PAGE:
Voluntary levy on drug manufacturers will save NHS £7bn in five years, says government

The government has said the ‘Voluntary pricing and access scheme’ will have allowed the NHS to save £7bn between 2019 and 2023.
pharmacist looking for medicines on shelf

The NHS will have saved £7bn on medicines by the end of 2023, owing to the ‘Voluntary pricing and access scheme’ (VPAS), the government has said, in advance of negotiations for a replacement scheme.

The VPAS was agreed in 2019 to ensure the NHS medicines bill does not grow by more than 2% in any one year, by requiring manufacturers of branded medicines to pay the government a proportion of their net income from sales of branded medicines to the NHS.

In December 2022, the UK government announced that this proportion would increase by 11 percentage points, from 15% in 2022 to 26.5% in 2023, prompting two major drugs manufacturers, AbbVie and Eli Lilly, to leave the scheme.

In a statement on 24 April 2023, the Department of Health and Social Care said that over the five-year agreement, “the NHS will save £7bn by the end of 2023”.

“Thanks to the scheme, thousands of NHS patients have benefitted from dozens of new treatments for conditions ranging from the most common cancers, to cutting edge gene therapy for ultra-rare disorders,” the statement says.

“Industry data shows there are 5 treatments available in England for every 4 in Europe, as well as almost a third more cancer drugs,” it adds.

However, the Association of the British Pharmaceutical Industry (ABPI), which represents branded medicine manufacturers, has warned that the increasing tax rate risks ‘slicing off’ access to new medicines for UK patients.

And, in March 2023, Jessamy Baird, chief executive of Sanofi UK, told The Pharmaceutical Journal that the company could stop holding clinical trials in the UK because of the rising VPAS rate, saying it is “not ethical to do [trials], if you don’t think you can get reimbursement in that country”.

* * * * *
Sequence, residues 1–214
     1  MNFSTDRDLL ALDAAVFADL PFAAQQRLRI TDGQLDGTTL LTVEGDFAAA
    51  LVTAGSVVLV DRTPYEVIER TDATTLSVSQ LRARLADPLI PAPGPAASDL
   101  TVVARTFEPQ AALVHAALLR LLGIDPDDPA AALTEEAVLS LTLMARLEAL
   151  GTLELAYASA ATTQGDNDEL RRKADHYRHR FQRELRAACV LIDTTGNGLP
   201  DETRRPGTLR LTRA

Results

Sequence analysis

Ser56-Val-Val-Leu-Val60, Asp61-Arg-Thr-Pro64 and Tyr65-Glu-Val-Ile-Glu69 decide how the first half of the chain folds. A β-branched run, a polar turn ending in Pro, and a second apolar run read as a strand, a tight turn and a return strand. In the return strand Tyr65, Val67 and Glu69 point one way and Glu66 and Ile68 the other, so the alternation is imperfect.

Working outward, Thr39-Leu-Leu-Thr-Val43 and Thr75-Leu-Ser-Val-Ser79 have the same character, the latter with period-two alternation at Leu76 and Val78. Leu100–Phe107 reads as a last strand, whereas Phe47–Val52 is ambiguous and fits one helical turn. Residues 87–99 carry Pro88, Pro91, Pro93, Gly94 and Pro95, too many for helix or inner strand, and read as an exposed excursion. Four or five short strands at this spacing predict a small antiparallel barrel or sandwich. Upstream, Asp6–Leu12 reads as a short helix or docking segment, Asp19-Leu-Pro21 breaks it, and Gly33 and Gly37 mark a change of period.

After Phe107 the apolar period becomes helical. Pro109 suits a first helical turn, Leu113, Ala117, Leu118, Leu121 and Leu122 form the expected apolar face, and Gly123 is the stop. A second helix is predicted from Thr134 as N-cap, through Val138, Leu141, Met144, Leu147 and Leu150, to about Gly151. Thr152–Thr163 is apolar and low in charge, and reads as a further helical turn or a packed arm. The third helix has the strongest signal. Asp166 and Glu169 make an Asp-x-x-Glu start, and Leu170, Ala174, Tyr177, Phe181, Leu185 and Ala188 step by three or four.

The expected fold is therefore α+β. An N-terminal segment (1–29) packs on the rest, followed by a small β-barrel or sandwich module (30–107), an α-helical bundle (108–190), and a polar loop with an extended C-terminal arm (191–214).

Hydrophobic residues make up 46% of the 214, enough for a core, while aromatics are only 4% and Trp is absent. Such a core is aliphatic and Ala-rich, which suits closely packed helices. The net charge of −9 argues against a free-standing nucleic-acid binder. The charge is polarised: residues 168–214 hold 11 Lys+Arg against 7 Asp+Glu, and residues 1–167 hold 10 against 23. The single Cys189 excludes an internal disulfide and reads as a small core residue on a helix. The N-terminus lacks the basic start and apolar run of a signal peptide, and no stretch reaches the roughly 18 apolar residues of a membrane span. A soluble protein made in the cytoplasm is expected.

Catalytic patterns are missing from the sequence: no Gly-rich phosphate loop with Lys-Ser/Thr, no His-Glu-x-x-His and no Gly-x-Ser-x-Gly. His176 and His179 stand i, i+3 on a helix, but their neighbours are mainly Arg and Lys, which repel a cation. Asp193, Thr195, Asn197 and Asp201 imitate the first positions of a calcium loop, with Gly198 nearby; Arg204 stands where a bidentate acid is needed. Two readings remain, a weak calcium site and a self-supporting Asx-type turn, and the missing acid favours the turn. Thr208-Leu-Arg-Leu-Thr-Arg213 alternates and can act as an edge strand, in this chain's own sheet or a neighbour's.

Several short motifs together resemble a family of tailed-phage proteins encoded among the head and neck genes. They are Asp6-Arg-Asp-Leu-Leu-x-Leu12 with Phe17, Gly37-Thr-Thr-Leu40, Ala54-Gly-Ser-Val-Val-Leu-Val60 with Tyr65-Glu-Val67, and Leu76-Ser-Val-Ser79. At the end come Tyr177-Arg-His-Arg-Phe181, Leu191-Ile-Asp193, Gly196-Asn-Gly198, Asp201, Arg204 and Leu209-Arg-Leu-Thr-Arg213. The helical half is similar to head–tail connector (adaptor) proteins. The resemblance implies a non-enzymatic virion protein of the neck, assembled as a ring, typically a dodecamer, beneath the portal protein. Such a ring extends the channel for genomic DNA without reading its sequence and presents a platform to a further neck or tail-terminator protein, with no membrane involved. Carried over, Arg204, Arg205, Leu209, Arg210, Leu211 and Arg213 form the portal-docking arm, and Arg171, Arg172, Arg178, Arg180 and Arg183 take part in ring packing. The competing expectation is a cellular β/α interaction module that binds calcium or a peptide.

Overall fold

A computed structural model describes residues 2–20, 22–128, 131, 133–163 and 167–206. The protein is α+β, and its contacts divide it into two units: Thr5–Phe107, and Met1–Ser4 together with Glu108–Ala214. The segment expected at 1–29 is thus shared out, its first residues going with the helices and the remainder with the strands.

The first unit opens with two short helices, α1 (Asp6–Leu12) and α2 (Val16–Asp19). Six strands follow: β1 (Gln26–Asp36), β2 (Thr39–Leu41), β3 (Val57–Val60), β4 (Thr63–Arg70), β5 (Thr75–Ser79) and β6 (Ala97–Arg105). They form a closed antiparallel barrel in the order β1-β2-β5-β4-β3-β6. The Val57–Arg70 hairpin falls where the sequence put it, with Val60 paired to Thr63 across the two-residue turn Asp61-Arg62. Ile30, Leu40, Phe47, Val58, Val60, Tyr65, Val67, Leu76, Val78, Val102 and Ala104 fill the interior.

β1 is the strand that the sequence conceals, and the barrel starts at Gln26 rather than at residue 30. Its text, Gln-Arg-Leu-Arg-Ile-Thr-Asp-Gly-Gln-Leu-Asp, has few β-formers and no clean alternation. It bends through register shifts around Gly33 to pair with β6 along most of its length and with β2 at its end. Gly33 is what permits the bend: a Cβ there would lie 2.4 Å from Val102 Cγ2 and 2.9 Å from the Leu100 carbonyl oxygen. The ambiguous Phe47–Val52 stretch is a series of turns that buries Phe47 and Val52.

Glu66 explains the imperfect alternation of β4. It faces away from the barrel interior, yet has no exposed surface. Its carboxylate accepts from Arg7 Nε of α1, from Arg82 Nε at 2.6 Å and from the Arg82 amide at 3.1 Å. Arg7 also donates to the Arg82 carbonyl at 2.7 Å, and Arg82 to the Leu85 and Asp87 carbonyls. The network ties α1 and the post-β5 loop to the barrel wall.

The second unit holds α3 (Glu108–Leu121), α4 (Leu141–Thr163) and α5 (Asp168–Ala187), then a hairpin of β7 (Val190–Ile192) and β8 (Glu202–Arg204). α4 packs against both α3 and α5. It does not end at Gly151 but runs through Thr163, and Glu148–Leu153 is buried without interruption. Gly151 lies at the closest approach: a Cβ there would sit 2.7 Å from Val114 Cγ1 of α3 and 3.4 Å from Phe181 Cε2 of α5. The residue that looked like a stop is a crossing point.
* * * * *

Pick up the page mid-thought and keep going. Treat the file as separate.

Members of the British Generic Manufacturers Association (BGMA) have also warned that they would cut back on medicine supplies to the UK if tax rates continued to increase.

A spokesperson for the BGMA said the VPAS rate “is an additional burden on revenues which are already constrained by competition, which typically reduces prices by up to 80%”.

“In effect, they are being hit by a double whammy of cost constraints and, for manufacturers who are already operating on typically high volume and very low margin products, this is simply unsustainable,” they said.

“The result is that manufacturers are having to take the difficult decision to withdraw existing products or cancel future potential UK launches. This significantly reduces competition and therefore the NHS ultimately ends up paying more for medicines, as well as having to contend with a less resilient supply chain and an increase in shortages.

“The BGMA commissioned an independent study by the London School of Economics and the Office of Health Economics, which showed that the impact of a high VPAS rate of around 25% could cost the NHS many billions of pounds in lost savings in the next few years and far outweighs the benefits of any revenue generated by the scheme.”

The current VPAS scheme is due to end on 31 December 2023, with negotiations between the ABPI and government for a replacement scheme due to start “in the spring”, according to the government.

In the government statement, health minister Will Quince said VPAS “is vitally important as it keeps the branded medicine bill affordable for the NHS, and ensures the UK life sciences industry can earn the money it needs to fund research and development into new and improved medicine”.

Also in the statement, Rob Kettell, director for commercial medicines negotiation at NHS England, said: “The NHS has a track record of using its commercial capabilities to secure world-leading access to life-changing new treatments for patients at the best value for the taxpayer, with recent industry data placing the UK in the top three fastest G20 countries to roll out new medicines.

“This scheme has had a major impact for thousands of patients and their families, and ahead of negotiations for a new branded medicines agreement, the NHS is committed to working with government and industry to ensure that patients’ needs are at the forefront of these discussions.”

On 21 April 2023, the BGMA announced plans to take the government to court over its decision to grant the membership body ‘observer’ status in the VPAS negotiations instead of being granted “full participation”.

Last updated
The Pharmaceutical Journal, PJ, April 2023, Vol 310, No 7972;310(7972)::DOI:10.1211/PJ.2023.1.183026

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